So, apart from core project work and the socializing part, there was as usual a (Linked) Open Data, organized by OKFN and Waag Society with an impressing number of 65 participants.

On Tuesday morning, Wolters Kluwer Corporate was doing a presentation on the potential of semantic web technologies and standards for supporting the strategy of a global media company like Wolters Kluwer. It was also stressed that the requirements expressed in the media & publishing use case in LOD2 are in line with many activities that Wolters Kluwer is currently executing.

So we were facing intense times with a perfect host CWI and I was lucky that on my third boat trip in Amsterdam it was the first time that the sun was shining!

All Commission’s data – Interview with Daniele Rizzi about the EC Open Data portal

Photo of Daniele Rizzi

The Open Data Hub of the European Union, which was launched at the end of 2012, sparked a considerable amount interest among open data enthusiasts and media as well. As a result of European Commission’s open data strategy, the portal boasts with almost 6000 datasets, some of which are available as linked data through SPARQL endpoint. LOD2 project’s Jindřich Mynarz had a chance to ask Daniele Rizzi, an EC representative, about the current status and plans for the EC’s Open Data portal.

Jindřich Mynarz: Open data was explicitly mentioned in the original call for tenders for the EC Open Data portal from July 2011. What drove you to ask specifically for “open data”?

Daniele Rizzi: The central aim of the EU 2020 strategy is to put Europe’s economies onto a high and sustainable growth path. To this end, Europe should use its resources in the most positive way. Public sector information is an important source of economic growth through the development of innovative value-added products and services. By making public sector information available on transparent, effective and non-discriminatory terms, governments including the European institutions can help boost economic growth, by up several tens of billions €/year.

In 2011 the Commission decided to put its own policy into practice and launch an Open Data portal where all Commission documents should be made available for reuse for commercial or non-commercial purposes, without charge and without the need to make an individual application.

This is also in line with the initiatives of most EU Member States, who have themselves developed or planned national Open Data portals to give easier access to their own public sector information.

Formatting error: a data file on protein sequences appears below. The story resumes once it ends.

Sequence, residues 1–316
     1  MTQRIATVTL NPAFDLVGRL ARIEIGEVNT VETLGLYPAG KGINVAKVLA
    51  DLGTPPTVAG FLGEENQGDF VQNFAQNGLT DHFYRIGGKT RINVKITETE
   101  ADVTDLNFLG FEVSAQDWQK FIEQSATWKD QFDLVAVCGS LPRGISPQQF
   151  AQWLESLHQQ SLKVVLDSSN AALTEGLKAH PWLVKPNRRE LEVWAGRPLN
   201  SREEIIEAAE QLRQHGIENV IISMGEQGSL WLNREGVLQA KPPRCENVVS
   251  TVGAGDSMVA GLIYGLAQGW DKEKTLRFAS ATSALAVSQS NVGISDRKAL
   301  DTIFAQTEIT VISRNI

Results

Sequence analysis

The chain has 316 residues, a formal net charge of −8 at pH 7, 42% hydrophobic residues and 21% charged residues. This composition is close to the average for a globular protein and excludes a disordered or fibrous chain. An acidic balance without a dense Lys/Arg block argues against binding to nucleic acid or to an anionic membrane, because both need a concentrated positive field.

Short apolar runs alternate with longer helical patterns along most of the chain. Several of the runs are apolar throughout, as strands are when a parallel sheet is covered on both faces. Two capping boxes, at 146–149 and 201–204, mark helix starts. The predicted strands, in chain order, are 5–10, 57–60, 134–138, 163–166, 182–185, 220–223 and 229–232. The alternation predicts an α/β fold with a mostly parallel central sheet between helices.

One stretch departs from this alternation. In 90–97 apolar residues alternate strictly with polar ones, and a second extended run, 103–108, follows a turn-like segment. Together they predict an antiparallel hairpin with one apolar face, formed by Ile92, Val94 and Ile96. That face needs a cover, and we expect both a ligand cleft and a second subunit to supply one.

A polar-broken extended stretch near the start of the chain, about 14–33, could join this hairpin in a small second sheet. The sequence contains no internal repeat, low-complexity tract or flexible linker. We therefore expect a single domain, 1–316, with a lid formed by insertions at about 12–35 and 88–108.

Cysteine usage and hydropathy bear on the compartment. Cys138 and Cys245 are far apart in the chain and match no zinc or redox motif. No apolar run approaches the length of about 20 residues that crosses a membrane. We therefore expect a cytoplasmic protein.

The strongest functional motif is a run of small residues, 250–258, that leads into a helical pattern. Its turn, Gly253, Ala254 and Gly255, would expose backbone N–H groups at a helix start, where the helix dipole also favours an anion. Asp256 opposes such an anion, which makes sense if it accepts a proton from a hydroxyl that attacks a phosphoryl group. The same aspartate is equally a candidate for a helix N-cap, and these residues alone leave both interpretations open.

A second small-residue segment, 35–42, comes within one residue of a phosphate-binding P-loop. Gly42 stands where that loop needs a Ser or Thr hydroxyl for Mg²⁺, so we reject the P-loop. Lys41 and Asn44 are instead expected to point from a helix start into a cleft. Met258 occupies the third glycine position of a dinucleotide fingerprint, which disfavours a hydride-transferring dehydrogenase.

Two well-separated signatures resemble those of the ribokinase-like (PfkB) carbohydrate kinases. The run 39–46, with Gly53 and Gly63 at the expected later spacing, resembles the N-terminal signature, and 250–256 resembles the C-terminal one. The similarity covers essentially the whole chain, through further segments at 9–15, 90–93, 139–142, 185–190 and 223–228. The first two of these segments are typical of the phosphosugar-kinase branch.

Jindřich Mynarz: How do you plan to determine if the EC Open Data portal was a success or not? What measurable impacts would you consider to tell if it succeeded?

Daniele Rizzi: Our initial measure of success is of course the number of datasets (currently around 6000), the number of publishers (currently 14 Commission DGs and the European Environment Agency), the number of users and downloaded datasets in the Open Data portal and how these increase over time.

Our objective is to progressively make available through the portal all Commission’s data and possibly data of other EU institutions. On the basis of a pragmatic approach, datasets from Commission departments, other EU institutions and agencies will be constantly added to the initial content available when the portal opened in December 2012.

The impact on the information market, in terms of quantified re-use of datasets and number of applications building on those datasets, will only be possible to assess at a later stage, through dedicated studies and user feedback.

Jindřich Mynarz: Is the EC Open Data portal used inside the European Commission and other EU institutions to simplify data exchange? Do you plan to incorporate it in the EC’s internal workflows?

Daniele Rizzi: EC departments and EU institutions and agencies are not always aware of the information already available outside their own specific domain of activity. The EC Open Data portal, as a single entry point for discovery and access of the information generated within the EU Institutions, will definitively contribute to a better sharing and exploitation of information within the institutions themselves. Specific procedures should also be put in place in order to guarantee that new or updated information is immediately made available also through the portal. This is what is already happening e.g., for the Eurostat statistical tables, updated on the portal twice a day to be fully aligned with the data on the Eurostat web site.